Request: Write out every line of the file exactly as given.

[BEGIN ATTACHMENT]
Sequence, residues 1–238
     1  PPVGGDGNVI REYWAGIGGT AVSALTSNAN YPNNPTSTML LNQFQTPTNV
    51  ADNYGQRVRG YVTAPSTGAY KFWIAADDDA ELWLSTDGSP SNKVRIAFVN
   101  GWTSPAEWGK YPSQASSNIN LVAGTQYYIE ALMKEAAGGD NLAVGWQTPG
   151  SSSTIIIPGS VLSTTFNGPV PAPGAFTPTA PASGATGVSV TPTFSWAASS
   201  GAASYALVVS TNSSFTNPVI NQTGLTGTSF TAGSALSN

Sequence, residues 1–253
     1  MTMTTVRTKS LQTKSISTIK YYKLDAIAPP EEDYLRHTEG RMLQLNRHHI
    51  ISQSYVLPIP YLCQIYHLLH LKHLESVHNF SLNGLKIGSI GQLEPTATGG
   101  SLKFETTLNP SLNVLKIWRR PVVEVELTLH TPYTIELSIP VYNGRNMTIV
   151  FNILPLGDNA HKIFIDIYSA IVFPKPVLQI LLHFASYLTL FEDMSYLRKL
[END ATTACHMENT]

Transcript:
Sequence, residues 1–238
     1  PPVGGDGNVI REYWAGIGGT AVSALTSNAN YPNNPTSTML LNQFQTPTNV
    51  ADNYGQRVRG YVTAPSTGAY KFWIAADDDA ELWLSTDGSP SNKVRIAFVN
   101  GWTSPAEWGK YPSQASSNIN LVAGTQYYIE ALMKEAAGGD NLAVGWQTPG
   151  SSSTIIIPGS VLSTTFNGPV PAPGAFTPTA PASGATGVSV TPTFSWAASS
   201  GAASYALVVS TNSSFTNPVI NQTGLTGTSF TAGSALSN

Sequence, residues 1–253
     1  MTMTTVRTKS LQTKSISTIK YYKLDAIAPP EEDYLRHTEG RMLQLNRHHI
    51  ISQSYVLPIP YLCQIYHLLH LKHLESVHNF SLNGLKIGSI GQLEPTATGG
   101  SLKFETTLNP SLNVLKIWRR PVVEVELTLH TPYTIELSIP VYNGRNMTIV
   151  FNILPLGDNA HKIFIDIYSA IVFPKPVLQI LLHFASYLTL FEDMSYLRKL